Choosing the right fragrance for your wedding day
PUBLISHED: 15:54 02 February 2016 | UPDATED: 15:54 02 February 2016
© Bill Cheyrou / Alamy Stock Photo
Lewes-based perfumier Nancy Meiland offers her advice on choosing the perfect fragrance for your wedding day
The journey to a wedding is awash with decisions, fittings, tastings, last minute inspirations, logistics, beads of sweat, clinking of champagne flutes, excitement, nervous flutters and moments of pure joy with loved ones.
In the midst of all of this, the search for a bridal scent might not be at the top of your to-do list. It should really begin swiftly after the question is popped!
So where to start? Once inspiration has struck for other elements of the wedding and a mood, feel or theme is starting to emerge you can start to think about what you wish to evoke with your perfume. Music, flowers, the dress, the time of year and the location will all really aid your decision-making.
First, ask yourself what impact you would like the fragrance to have as you walk down the aisle. Do you imagine a classically feminine, delicate floral trail of scent in your wake or a bold, statement, and contemporary scent, unique to you? Or would you hope that there would not be a fragrance cloud at all, rather a subtle, intimate scent that reveals itself when others are close to you?
Then try to decide on the concentration of the perfume. For the more delicate trail of scent I would recommend either an eau de cologne or an eau de parfum. These are worn as a mist of fragrance, an aura of perfume that you can be fairly liberal in applying. If you are after a more intense, statement fragrance that wows both the crowd and those close to you I would opt for a parfum concentration (bear in mind that fragrances vary on different skins and the concentration is different between fragrance houses, but broadly speaking this will help you to narrow the field).
Next, what else is important to you in the character of the perfume – would you like a perfume inspired by nature? Or an almost edible, gourmand scent (such as Thierry Mugler’s Angel)? Is there an individual flower ingredient you are drawn to or that ties in with the bridal bouquet or the theme of the big day (such as the orange blossom in Serge Luton’s Fleur: D’Oranger or my contemporary ode to the rose in Rosier that captures the moment a water droplet forms on a petal). Do you like woody fragrances known as chypres, or powdery, beguiling oriental scents (such as Miller Harris’s Fleur Oriental or my own Aquilaria, a smoky and sweet scent)? Is it important that it smells unique to you and is not immediately recognisable (in which case, try the addictive floral bouquet in Ropion’s Carnal Flower for Frederik Malle). If you are after a minimal, barely there scent that is tender and contemporary, try the fragile, honeyed, water-like L’eau d’Hiver by Jean Claude Ellen for Frederik Malle. A good guide to have to hand if you’re really getting into it is Perfume – A Century of Scents written by Lizzie Ostrom.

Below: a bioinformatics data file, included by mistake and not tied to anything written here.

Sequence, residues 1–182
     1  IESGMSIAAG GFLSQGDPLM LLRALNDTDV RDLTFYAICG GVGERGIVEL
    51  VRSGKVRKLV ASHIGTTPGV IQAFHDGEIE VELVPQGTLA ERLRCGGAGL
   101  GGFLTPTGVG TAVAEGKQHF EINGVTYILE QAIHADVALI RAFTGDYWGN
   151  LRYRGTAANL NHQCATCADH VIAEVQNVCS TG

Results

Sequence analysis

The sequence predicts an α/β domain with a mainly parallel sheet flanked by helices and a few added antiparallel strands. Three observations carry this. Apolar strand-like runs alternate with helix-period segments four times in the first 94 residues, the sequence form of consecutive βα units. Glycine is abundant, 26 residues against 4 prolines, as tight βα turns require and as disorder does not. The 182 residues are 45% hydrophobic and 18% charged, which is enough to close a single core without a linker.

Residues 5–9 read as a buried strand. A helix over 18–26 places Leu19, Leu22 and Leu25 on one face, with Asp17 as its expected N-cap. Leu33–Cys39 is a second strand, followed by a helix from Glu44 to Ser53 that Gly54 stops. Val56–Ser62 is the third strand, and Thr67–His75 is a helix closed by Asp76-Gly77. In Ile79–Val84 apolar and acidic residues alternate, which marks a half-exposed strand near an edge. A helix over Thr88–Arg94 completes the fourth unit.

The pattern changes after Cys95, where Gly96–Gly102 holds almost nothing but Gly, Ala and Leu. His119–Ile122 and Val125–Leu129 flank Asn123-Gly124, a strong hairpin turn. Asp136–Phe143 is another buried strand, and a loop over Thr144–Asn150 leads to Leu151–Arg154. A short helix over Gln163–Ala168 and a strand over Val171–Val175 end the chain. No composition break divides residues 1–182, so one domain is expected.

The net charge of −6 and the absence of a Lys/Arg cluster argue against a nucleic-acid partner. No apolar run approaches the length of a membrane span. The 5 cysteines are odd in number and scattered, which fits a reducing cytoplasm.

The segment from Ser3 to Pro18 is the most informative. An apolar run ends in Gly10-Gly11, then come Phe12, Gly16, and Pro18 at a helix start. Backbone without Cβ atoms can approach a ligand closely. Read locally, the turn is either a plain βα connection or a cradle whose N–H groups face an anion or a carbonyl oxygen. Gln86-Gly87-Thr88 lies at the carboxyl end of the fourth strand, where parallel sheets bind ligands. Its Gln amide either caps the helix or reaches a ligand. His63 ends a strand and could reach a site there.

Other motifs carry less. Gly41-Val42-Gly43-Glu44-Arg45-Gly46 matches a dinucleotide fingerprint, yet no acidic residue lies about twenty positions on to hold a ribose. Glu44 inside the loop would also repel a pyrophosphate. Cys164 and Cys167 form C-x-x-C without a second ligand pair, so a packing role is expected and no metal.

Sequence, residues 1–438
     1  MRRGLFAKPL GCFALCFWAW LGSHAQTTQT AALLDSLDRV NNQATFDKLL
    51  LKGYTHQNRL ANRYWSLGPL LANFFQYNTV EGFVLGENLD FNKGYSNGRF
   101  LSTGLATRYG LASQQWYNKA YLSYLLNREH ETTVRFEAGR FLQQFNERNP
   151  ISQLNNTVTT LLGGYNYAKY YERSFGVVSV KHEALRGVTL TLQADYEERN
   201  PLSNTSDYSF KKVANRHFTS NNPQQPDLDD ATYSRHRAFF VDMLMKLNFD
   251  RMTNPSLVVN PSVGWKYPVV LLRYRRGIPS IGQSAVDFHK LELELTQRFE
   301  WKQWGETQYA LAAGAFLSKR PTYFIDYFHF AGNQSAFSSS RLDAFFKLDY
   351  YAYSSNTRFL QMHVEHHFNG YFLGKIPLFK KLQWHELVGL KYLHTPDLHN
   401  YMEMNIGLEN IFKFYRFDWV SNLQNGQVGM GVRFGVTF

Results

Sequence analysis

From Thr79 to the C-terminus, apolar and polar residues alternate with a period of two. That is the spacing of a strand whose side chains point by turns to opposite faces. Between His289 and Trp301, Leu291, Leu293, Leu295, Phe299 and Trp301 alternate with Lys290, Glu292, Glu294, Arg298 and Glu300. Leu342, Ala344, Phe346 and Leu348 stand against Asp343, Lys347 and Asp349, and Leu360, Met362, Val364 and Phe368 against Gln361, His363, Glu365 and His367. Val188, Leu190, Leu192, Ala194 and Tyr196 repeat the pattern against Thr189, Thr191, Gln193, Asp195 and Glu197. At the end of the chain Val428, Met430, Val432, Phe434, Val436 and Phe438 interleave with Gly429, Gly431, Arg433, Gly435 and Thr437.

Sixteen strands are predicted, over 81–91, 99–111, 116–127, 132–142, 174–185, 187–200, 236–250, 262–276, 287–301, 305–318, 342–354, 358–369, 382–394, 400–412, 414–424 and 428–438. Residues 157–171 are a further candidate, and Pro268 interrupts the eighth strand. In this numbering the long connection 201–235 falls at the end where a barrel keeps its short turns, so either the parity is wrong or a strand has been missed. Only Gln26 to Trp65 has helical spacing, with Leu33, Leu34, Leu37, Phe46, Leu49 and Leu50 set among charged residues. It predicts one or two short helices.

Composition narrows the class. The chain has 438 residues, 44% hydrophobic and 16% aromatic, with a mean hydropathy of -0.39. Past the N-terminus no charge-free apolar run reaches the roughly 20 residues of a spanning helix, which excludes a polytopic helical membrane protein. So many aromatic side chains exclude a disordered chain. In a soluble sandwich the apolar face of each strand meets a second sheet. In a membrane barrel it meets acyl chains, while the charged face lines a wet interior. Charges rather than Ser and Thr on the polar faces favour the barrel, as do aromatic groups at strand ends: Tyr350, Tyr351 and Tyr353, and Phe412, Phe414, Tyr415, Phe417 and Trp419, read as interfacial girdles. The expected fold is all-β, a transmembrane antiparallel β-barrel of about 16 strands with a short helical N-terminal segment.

With these things in mind, seek out a perfume store with a wide selection of niche, high-end fragrances where you can start to try things on the skin and get samples to take home if possible. And don’t forget to rope in your groom and/or at least one other friend or family member for their very important opinion.
What is the perfume like on your skin after two minutes, half an hour, and then after an hour? Hopefully, there is an overall harmony in the notes, not one ingredient spiking out overtly amongst the others. Check it hasn’t gone too screechy, catty or unexpectedly spicy (and not in a good way). The notes should expand on the skin through the top, middle and base notes. Most fragrances last up to six hours on the skin but some may need decanting into a purse spray for your bridal clutch so that you can reapply through the day and into the evening.
Ultimately there are no hard and fast rules to choosing a bridal perfume, but it’s most likely you will want a perfume that is as near an expression of your personality and your unique individuality as you can get. That way it will be a fragrance that has a story to tell, has meaning to you and one that you wear and that doesn’t wear you. And after some fun sniffing and mulling over, you’ll have a beautiful fragrance that, whenever you doff its cap, will instantly take you back to the most deeply treasured memories of your special day.
Nancy Meiland is a Lewes-based perfumier whose first eponymous collection, Paper Leaf, comprises three scents, Illuminé, Rosier and Aquilaria, which are all inspired by the natural world around her Sussex home - www.nancymeiland.com.
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